Huntington's disease (HD) is an inherited progressive neurodegenerative disorder caused by a CAG repeat expansion in the first exon of HTT. HTT encodes the huntingtin protein (HTT) and the CAG repeat tract gives rise to a polyglutamine tract in the protein [1]. The onset of the disease is generally in mid-life with death occurring 15–20 years later. HD is characterized by characteristic motor and cognitive impairments and variable psychiatric symptoms, associated with selective cellular dysfunction and neuronal loss first within the caudate nucleus and later across the whole brain [2]. Neuronal intra-nuclear inclusions (NIIs) containing mutant HTT (mHTT) have been reported in patients [38] and model systems that carry a HTT polyglutamine mutation [917]. The precise role that the aggregation process and HTT-positive inclusions play in HD neuropathology remains unclear [6, 12, 1829], but their presence in either the early aggregation diffuse state or as frank NIIs are predictors of cell death [22, 28, 30] and are at the very least, markers of regional neuropathology.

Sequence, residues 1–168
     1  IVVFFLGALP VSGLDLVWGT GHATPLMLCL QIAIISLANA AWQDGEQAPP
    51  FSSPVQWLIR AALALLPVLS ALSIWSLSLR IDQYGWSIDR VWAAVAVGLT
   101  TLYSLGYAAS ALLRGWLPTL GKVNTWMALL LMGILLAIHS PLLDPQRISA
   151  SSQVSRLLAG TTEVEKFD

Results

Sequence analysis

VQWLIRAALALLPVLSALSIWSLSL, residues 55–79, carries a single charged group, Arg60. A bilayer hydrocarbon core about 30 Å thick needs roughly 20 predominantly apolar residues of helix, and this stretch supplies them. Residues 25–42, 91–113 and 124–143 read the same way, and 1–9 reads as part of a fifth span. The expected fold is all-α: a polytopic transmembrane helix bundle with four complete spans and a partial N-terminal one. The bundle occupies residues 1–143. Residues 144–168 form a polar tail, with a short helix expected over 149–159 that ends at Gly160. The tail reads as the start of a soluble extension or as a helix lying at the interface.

There are several mHTT antibodies that immunolabel mHTT. Within HD mouse models the antibodies bind to different regions of the mHTT protein. Some have affinity specifically for the expanded polyglutamine [31, 32] whilst others bind to the N—or C -terminal of the exon 1 region [6, 33, 34]. The epitope specificity of the antibodies can characterise the inclusions by showing the availability of different epitopes and therefore the potential conformational changes that mHTT undergoes during the development of inclusion formations [35]. The ubiquitin antibody has also been used to detect mHTT as it is sequestered during the aggregation process.